As a member of the Rice Alumni New York volunteer leadership, I have the privilege of inviting you to join us for Alumni College New York, a daylong celebration of learning at its best. For those who may not be familiar with the Alumni College held annually on the Rice campus, our local event will provide an opportunity to attend classes and engage in discussion with academic experts and fellow alumni. Only a few select cities are able to host their own alumni college "on the road," and we are fortunate that New York is among them.
This year's event, held at the Sheraton New York Hotel and Towers in midtown, includes three lectures covering a wide-range of current topics: international politics, global warming, and health in the media. For our fourth session, we'll visit the Museum of Modern Art to enjoy guided tours from their expert lecturers. Attendees receive a continental breakfast, refreshments between sessions, and a casual lunch at the Sheraton. Saturday evening, share your thoughts and experiences with others at a private cocktail reception at chef Bobby Flay's renowned restaurant, Bar Americain. We'll also provide information on local activities if you wish to continue discussion over dinner or enjoy a night on the town in Manhattan.
On behalf of the Association of Rice Alumni and our local leadership committee, I invite you to join us for this educational and enlightening day of fun in New York!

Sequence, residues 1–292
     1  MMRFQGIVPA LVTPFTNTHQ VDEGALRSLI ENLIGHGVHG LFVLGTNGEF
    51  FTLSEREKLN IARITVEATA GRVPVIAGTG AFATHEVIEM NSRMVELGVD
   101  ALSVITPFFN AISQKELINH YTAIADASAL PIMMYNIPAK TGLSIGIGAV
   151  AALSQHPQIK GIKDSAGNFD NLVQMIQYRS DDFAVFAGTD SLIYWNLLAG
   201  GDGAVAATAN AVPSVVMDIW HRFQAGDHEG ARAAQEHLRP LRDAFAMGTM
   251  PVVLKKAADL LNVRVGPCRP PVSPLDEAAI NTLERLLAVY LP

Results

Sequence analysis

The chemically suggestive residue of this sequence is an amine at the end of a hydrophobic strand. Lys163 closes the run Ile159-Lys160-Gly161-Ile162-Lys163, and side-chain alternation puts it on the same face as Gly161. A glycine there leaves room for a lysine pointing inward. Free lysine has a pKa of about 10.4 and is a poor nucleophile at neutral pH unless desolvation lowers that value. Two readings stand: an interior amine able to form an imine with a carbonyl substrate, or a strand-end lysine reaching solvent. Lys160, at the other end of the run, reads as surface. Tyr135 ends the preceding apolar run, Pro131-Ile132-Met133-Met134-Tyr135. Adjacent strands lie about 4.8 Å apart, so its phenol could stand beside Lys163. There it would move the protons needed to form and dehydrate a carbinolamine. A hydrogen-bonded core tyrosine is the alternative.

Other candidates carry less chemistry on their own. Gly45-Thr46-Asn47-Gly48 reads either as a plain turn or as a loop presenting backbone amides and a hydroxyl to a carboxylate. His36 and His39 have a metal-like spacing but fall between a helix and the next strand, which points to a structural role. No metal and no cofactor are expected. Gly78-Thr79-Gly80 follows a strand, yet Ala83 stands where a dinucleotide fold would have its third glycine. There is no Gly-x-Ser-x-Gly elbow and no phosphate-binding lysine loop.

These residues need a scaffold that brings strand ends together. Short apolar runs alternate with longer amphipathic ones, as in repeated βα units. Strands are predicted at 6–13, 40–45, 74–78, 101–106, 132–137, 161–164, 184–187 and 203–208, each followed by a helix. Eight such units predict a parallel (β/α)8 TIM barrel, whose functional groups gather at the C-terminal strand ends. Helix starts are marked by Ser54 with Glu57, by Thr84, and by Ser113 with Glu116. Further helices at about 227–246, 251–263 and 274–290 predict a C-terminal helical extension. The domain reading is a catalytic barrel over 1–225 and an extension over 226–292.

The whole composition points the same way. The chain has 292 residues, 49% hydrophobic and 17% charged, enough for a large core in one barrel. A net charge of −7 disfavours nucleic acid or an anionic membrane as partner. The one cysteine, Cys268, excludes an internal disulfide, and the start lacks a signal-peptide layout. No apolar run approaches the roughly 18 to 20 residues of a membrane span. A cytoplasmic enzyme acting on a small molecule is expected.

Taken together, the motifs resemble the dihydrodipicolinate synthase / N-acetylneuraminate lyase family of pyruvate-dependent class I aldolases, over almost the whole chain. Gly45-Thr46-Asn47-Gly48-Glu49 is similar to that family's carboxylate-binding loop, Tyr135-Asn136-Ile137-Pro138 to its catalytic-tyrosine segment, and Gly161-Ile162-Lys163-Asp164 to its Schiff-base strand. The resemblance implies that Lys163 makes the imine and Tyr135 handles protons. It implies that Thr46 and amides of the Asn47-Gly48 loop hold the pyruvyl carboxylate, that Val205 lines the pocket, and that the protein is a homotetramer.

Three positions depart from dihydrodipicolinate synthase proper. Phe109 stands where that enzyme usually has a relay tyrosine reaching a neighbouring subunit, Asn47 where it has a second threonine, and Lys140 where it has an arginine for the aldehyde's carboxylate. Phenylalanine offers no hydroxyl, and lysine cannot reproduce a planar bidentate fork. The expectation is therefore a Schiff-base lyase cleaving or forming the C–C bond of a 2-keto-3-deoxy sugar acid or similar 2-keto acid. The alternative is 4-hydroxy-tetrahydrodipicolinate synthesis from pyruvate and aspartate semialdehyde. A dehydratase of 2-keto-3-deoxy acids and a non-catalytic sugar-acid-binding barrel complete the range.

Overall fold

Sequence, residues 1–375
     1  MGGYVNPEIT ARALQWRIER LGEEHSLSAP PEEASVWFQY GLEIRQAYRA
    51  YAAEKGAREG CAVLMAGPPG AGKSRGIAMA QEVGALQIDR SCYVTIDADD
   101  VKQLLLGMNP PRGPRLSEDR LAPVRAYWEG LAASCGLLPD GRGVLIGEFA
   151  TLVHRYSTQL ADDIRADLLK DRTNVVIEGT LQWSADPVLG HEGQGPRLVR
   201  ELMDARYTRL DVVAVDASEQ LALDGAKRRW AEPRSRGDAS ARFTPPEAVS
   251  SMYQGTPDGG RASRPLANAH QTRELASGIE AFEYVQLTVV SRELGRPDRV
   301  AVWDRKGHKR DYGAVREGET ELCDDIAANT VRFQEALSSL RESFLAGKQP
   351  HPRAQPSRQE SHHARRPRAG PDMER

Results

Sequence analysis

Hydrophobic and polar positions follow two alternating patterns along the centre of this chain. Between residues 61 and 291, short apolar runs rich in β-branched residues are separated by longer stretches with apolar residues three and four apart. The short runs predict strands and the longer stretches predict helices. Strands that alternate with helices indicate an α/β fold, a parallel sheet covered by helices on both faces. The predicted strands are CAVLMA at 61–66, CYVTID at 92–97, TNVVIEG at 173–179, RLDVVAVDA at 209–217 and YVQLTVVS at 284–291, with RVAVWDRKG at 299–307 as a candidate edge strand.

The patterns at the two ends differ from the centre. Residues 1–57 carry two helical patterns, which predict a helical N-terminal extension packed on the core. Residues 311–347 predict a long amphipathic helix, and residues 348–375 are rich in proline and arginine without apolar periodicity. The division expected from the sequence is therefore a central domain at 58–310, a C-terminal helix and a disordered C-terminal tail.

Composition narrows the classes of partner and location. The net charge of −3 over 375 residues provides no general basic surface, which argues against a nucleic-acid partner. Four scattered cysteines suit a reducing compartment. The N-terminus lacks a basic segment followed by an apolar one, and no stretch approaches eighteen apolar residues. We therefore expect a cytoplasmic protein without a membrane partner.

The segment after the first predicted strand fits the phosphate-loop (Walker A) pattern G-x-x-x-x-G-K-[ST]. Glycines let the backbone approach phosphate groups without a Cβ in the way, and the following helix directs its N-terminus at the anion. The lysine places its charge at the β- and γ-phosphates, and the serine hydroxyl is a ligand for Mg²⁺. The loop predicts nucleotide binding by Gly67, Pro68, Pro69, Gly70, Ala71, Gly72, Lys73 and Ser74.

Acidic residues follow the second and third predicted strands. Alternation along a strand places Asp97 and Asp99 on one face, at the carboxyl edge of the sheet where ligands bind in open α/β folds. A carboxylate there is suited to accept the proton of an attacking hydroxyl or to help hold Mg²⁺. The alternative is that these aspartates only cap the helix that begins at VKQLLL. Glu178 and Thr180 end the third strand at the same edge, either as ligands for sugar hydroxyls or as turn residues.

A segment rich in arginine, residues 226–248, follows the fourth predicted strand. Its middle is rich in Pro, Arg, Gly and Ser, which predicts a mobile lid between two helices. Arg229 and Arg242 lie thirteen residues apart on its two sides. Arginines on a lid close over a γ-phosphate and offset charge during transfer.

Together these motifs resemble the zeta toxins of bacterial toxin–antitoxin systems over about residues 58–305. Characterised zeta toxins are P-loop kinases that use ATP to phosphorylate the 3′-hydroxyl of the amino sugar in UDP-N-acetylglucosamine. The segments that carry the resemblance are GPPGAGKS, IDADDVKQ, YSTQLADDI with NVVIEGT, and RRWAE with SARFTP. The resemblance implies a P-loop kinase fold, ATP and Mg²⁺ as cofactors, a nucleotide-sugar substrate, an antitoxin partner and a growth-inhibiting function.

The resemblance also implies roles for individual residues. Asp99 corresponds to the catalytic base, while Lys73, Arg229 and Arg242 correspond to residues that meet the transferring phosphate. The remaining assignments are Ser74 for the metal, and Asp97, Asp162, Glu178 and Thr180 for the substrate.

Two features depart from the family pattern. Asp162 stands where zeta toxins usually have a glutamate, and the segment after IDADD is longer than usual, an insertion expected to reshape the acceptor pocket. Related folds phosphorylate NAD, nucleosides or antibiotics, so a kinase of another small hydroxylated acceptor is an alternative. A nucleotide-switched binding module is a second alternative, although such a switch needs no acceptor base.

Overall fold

Janice Doty '60 Chair, Alumni College New York
Online registration has closed, but you may still sign up by calling Lauren Linn in the Rice alumni office at 713-348-6093.
For many Americans, our experience in Iraq is
relatively unique. But that is not true. While the scale of the tasks in Iraq may be
unique, the US has undertaken what we now call "nation building" more times
than people realize. This lecture will discuss some of the history of nation building
by the United States. It will also cover what has been associated with cases of successful
nation building. Finally, the situation in Iraq will be viewed in light of these earlier
Richard J. Stoll grew up in Providence, Rhode Island, received his
undergraduate degree from the University of Rochester and his doctorate from the
University of Michigan. He came to Rice in 1979 and is now a professor of political
science. His research interests are in the study of international conflict and American
national security policy. He has used computer simulation techniques and statistical
analysis to study topics such as arms competitions, comparative foreign policy, and